At least 25% of the world's host computers ready to run native IPv6

What we learned from World IPv6 Day

What we learned from World IPv6 Day

Brisbane, Australia - Monday, 20 June 2011

At least 25% of Host Computers Currently IPv6 Ready

As a contribution to World IPv6 Day (8 June 2011), the Asia Pacific Network Information Centre Research and Development Lab (APNIC Labs) conducted extensive IPv6 reachability tests, using Web-embedded techniques. This activity now continues as part of APNIC’s long-term commitment to measure and analyse IPv6 uptake. The tests used client-side browser 'javascript' to test the IPv4, dual-stack, and IPv6 capabilities of millions of Internet hosts worldwide.

The tool has shown at least 25% of the world’s host computers are ready to run IPv6 native mode right now. They only lack an IPv6 route into the global Internet, because they are either using an older home router, or more commonly, their ISP does not provide native IPv6.

APNIC Director General, Paul Wilson, said the APNIC client-side measurement technique allowed APNIC Labs to pick up IPv6 capability, which other measures of normal browser behaviour and other IPv6 measurement methods can miss.

"There are benefits of this data collection at two levels. Web service providers are able to access the data to assess their clients' IPv6 readiness, while the aggregated results produced by APNIC show global trends and capabilities," Mr Wilson said.

The measurement technique uses a number of tests that rely on the Domain Name System (DNS) in a conventional manner, and an unusual 'IPv6 Literal' which bypasses the DNS and invites the client to fetch IPv6 using the given address. When taking a measurement via the DNS, built-in mechanisms in a number of popular operating systems suppress host's IPv6 capability from being used if there is auto-tunnel-only access.

"Up to seven distinct tests were carried out with each client. In the vast majority of cases, we saw that in the worst case fewer than three (3) in 10,000 clients will experience any problem with fetching from a dual-stack website if you decide to deploy dual-stack enabled web services right now," said Geoff Huston, Chief Scientist, APNIC.

This 'dual-stack brokenness' figure is decreasing as older host software systems are upgraded with regular vendor updates. APNIC will continue to review the impact of IPv6 dual-stack deployment. This research represents one of the largest independent IPv6 measurements during the testing period. This 25% figure indicates the financial viability for service providers to invest in replacing home router equipment.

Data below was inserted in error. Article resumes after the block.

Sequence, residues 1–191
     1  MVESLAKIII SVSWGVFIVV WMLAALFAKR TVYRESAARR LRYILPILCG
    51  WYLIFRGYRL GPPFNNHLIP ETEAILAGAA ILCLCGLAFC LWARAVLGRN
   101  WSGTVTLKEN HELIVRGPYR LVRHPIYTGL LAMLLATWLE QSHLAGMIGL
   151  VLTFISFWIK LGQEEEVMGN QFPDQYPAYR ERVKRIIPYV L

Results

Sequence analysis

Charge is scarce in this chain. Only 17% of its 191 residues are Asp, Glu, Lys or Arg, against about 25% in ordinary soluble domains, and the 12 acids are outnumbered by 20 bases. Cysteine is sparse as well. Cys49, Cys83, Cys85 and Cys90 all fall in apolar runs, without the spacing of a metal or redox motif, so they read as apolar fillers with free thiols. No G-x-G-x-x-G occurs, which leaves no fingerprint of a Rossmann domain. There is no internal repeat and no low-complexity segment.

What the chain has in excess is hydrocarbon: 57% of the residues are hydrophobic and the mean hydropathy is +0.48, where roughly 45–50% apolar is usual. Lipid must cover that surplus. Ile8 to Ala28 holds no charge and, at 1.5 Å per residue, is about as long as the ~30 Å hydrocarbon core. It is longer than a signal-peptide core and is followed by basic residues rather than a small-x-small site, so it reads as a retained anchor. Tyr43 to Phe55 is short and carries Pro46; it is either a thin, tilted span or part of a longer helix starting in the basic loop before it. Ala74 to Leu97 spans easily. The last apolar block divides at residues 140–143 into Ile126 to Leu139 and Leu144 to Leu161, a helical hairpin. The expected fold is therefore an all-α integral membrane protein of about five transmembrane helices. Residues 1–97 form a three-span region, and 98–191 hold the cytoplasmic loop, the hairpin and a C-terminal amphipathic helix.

"We encourage ISPs to consider replacement strategies to leverage this capability. From now, all upgraded home user equipment must be IPv6-enabled," Mr Wilson said.

Data is Key to Encouraging IPv6 Deployment

Although IPv6 awareness among technical decision makers in the Asia Pacific is high, there is a need for data to help encourage business decision makers to move the momentum from IPv6 address distribution to IPv6 readiness and deployment.

This is apparent from APNIC surveys into regional IPv6 readiness. There is a significant disparity between those who have a formal plan for IPv6 deployment and those who have the budget to fulfil the plan. To get that investment, the community needs to provide those decision makers with the data to make a clear risk assessment.

Operational and active measurements like those produced by the APNIC IPv6 Tracker ( are setting the new benchmarks for ongoing assessment of IPv6 deployment.

Regional and Global Impact

As one of six providers worldwide of reverse DNS services directly under the IP6.ARPA anchor-point, APNIC is able to measure a proportion of the world's IPv6 reverse DNS activity.

"There is a relationship between reverse DNS queries and application level connections . Our measurements show that the World IPv6 Day test probably doubled the amount of IPv6 connections worldwide," Mr Huston said.

APNIC has run dual-stack Web services for several years now. On World IPv6 Day, APNIC received approximately double the normal volume of IPv6 connections to its public website.

APNIC's client measurements also show that "native", or non-tunnelled, IPv6 is generally no slower than IPv4 and is actually faster in some circumstances.

"It has often been claimed that IPv6 is slower than IPv4. Our measurements show that this is simply a myth," Mr Huston said. APNIC Labs and other organizations will present the findings from World IPv6 Day in detail at a full-day IPv6 Transition Plenary during the APNIC 32 Conference in Busan, South Korea.